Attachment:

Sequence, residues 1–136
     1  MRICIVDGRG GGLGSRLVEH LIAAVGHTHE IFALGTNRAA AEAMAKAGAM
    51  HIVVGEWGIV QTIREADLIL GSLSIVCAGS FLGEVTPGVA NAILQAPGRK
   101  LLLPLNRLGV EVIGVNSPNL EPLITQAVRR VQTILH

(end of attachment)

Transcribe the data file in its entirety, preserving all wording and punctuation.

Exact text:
Sequence, residues 1–136
     1  MRICIVDGRG GGLGSRLVEH LIAAVGHTHE IFALGTNRAA AEAMAKAGAM
    51  HIVVGEWGIV QTIREADLIL GSLSIVCAGS FLGEVTPGVA NAILQAPGRK
   101  LLLPLNRLGV EVIGVNSPNL EPLITQAVRR VQTILH